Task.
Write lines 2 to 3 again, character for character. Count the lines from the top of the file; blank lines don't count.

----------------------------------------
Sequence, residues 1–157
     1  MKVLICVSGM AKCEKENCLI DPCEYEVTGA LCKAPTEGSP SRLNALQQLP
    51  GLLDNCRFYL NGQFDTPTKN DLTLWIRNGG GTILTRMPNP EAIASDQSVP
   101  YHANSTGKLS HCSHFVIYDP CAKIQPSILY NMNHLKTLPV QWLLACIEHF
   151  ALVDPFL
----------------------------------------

     1  MKVLICVSGM AKCEKENCLI DPCEYEVTGA LCKAPTEGSP SRLNALQQLP
    51  GLLDNCRFYL NGQFDTPTKN DLTLWIRNGG GTILTRMPNP EAIASDQSVP